Strange But True Hockey Stories (1972)

Howard Liss
Random House

Any sport featuring men with sticks chasing after a small black disc on ice would seem to have an unfair advantage for generating "strange but true" stories, especially a sport that most people don't really care about (thus allowing the "truthfulness" of any given tale to remain generally outside of popular memory).  That said, let's see what author Liss has uncovered:

1928 NY Rangers win Stanley Cup even though "short-handed."

Three young men with German names become very popular as players for the Boston Bruins.  Nicknamed "The Kraut Line."  Once WWII begins, Boston fans beginning booing "The Kraut Line," even though all 3 were born and raised in Canada.  Probably more appropriate in a book called "Strange But True Stories of American Stupidity."

"Hat Trick" (3 goals in a game) in 21 seconds.

Foster Hewitt becomes the most famous and beloved of all Hockey announcers in Canada (true, perhaps, but not in the least bit strange)

Gordie Howe scores 786 goals during his career.  Spun as "strange" in that Howe at one point scored goal 714, obviously, thereby breaking "Babe Ruth's" home-run record in baseball.  But that isn't really strange inasmuch as it simply involves math in two unrelated sports.  I'm beginning to have suspicions, actually, that nothing very strange actually does occur in hockey.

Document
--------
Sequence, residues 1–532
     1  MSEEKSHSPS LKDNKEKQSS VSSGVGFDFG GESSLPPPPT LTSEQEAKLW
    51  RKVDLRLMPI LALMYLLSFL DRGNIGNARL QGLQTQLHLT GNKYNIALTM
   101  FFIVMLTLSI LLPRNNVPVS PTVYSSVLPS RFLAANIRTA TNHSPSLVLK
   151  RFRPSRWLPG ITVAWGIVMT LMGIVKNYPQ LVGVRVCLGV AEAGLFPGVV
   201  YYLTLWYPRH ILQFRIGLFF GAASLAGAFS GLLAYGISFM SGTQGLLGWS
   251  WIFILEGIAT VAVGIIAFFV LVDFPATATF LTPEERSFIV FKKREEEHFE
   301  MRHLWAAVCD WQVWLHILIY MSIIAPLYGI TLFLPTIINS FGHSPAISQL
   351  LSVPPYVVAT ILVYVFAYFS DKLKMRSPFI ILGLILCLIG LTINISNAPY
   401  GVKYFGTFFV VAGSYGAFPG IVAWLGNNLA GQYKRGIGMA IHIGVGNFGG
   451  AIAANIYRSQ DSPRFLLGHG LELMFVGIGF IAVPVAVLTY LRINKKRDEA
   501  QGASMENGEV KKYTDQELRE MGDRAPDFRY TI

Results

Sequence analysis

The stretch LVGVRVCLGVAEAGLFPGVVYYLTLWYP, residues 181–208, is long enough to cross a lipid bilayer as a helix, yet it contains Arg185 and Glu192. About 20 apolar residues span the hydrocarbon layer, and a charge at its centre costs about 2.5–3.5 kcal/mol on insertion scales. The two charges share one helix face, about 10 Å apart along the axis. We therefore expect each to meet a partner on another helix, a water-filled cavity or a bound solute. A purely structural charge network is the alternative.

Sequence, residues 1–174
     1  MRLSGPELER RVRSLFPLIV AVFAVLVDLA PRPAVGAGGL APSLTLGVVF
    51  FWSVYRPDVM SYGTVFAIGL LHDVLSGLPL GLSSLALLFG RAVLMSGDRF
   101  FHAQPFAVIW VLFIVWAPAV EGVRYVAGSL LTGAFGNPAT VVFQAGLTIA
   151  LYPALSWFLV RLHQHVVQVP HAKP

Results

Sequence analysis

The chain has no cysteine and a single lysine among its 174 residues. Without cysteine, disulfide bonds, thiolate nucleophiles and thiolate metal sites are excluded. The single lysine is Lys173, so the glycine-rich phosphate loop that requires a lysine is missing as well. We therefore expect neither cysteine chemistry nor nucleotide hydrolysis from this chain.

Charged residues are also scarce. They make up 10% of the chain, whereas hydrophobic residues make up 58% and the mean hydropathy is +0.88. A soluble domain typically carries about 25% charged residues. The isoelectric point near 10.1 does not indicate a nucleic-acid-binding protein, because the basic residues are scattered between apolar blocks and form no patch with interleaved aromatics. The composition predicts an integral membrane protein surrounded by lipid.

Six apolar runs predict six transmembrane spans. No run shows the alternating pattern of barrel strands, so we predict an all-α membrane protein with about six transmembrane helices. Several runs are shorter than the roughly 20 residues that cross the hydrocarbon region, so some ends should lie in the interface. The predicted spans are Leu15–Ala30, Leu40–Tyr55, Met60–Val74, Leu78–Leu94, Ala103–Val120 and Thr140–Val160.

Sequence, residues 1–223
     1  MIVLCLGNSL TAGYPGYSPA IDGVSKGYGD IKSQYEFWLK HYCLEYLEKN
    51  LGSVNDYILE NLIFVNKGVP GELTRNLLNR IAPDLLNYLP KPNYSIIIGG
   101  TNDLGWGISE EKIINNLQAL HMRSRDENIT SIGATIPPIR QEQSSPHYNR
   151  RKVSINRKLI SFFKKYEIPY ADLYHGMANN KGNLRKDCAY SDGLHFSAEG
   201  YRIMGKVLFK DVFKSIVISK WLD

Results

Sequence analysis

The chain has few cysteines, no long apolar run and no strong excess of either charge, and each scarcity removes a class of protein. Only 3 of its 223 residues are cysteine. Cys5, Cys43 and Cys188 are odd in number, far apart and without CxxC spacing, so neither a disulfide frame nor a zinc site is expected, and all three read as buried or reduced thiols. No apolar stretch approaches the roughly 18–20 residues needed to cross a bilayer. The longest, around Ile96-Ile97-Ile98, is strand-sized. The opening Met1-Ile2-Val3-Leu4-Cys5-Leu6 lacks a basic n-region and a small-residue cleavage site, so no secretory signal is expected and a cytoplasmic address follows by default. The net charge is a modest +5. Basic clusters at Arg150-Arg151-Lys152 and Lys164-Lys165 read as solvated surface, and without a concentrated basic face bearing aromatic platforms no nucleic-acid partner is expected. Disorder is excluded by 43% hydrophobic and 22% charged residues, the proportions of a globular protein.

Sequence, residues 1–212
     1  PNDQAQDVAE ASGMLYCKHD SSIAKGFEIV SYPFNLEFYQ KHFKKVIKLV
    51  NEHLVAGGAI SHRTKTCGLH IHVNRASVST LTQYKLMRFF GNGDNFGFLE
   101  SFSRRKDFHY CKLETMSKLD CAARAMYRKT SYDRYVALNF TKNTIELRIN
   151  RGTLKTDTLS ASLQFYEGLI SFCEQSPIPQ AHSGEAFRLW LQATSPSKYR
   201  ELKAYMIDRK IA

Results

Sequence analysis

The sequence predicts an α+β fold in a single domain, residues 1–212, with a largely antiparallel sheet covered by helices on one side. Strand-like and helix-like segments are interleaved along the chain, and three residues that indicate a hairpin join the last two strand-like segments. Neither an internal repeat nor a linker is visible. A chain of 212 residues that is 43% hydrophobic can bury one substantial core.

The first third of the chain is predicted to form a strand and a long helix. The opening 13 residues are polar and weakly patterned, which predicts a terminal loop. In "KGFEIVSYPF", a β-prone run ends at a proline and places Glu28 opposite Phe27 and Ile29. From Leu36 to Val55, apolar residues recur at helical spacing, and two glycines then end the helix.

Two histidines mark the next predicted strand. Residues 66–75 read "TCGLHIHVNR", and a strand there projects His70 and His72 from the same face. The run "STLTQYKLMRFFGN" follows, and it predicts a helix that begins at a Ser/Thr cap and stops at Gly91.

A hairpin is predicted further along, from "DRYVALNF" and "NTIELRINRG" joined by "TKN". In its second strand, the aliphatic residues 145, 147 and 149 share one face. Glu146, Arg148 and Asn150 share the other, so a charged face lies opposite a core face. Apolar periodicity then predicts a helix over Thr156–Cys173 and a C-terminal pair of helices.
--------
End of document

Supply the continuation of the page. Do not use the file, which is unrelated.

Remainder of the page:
The NY Rangers go 6 and 39 (with 5 ties) during the 1943-44 season.  Lowest number of wins ever.

Man plays multiple positions in single game.

Hockey legend Bobby Orr's father Doug Orr was also very good at hockey, but never played professionally.

The Toronto Maple Leaf teams of the 1930s are judged the "zaniest team" in hockey history, seemingly because a clotheshorse on the team once jumped into a pool wearing a suit.

Goalie goes 309 minutes of game time without allowing a goal.

Conn Smythe, founder of the "Maple Leafs," enjoyed extraordinary luck at gambling, which helped him get the necessary funds to buy the Toronto team.

Player discovers that cracked/curved stick allows for more unpredictable shots on goal, initiating a craze for the "banana blade."  The league eventually bans them.

One player almost kills another in a hockey fight, but the two shake hands on the ice a few months later.

Hockey has featured a large number of "brothers" on the ice, playing either on the same team or as opponents.

A nun coaches a boy's hockey club.

A player for an eliminated Russian team, at the height of the Cold War, visits the American locker during half-time in an Olympic Gold Medal game and teaches the U.S. players how to use oxygen at high-altitudes for better performance.  America, newly infused with oxygen, goes on to win the Gold.

Part of the "Pro Hockey Library" by Random House, which rather incredibly contains 7 more titles.

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